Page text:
A new study has shown that the roll-out of Vehicle-to-Grid technology (V2G) could deliver network savings in the range of £412-£883 million per annum.
V2G technology enables electricity to flow both ways between the electric vehicle’s battery storage and the UK’s energy network. The theory is that the car can be charged when national electricity usage is low (i.e. when electricity is cheap), but also has the ability to export back to the grid at times of peak demand (i.e. when electricity is expensive). It is thought that this will help to mitigate some of the challenges which will arise as the economy decarbonises i.e. higher peak usage (from EV charging) and more intermittent generation (due to more renewables).
The study, which was a collaboration between E.On Drive, Imperial College and Nissan Motor GB, forecasts that the projected savings would stem from three key areas: lower investment in generation assets; less need for network upgrades; and lower balancing costs.
In addition to the cost savings on offer, the study also suggests that the roll-out of V2G-enabled electric vehicles (EVs) would help the UK to reach its emissions targets through reduced wind-generation curtailment, and less-reliance on flexible generation assets which are typically gas-fired.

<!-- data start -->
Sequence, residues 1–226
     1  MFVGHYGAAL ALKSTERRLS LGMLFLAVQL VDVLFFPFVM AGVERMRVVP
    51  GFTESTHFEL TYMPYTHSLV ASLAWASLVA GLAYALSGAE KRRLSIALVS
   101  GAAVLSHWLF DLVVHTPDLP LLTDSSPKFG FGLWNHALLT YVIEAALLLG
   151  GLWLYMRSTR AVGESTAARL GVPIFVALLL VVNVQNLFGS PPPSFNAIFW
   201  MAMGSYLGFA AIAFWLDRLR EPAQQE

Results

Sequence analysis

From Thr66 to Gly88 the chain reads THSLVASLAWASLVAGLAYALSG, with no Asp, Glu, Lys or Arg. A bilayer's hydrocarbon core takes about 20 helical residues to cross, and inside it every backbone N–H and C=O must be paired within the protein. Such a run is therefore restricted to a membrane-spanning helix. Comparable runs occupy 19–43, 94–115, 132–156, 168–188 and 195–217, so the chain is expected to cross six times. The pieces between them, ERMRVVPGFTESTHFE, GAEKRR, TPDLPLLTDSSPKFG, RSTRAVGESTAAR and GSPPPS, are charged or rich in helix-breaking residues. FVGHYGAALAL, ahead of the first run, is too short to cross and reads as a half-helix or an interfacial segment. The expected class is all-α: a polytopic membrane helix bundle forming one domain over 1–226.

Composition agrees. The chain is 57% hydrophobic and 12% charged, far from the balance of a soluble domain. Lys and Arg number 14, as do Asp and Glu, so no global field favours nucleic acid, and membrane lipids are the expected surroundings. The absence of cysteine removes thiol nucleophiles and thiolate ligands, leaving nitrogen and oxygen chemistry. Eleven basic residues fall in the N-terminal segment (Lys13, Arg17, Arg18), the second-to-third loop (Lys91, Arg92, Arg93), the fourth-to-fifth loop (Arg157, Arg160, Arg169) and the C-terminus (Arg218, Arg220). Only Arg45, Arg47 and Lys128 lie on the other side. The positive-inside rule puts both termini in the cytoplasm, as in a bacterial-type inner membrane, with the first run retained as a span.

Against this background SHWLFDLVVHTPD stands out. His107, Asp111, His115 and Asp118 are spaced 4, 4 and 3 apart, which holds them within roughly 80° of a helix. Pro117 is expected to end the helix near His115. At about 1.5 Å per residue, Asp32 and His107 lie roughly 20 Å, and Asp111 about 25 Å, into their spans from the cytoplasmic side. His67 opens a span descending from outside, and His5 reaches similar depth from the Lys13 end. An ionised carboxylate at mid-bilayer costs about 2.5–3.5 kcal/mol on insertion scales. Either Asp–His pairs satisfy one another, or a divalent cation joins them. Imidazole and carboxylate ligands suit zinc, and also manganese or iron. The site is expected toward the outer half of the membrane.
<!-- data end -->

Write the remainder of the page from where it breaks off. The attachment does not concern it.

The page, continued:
The paper states: “Given that many vehicles spend a high percentage of time idle, both during the working day and overnight, V2G technology offers an ideal solution to ease grid capacity constraints and provide flexibility to the power system.”
The study was based on a projected sample of 1 million ‘back-to-base’ fleet vehicles being utilised between 2025-2030. On this basis, it remains to be seen whether or not such products will be marketed to lower intensity users. It does however show that the future uptake of EV vehicles will present significant challenges that will require businesses to adapt and innovate.
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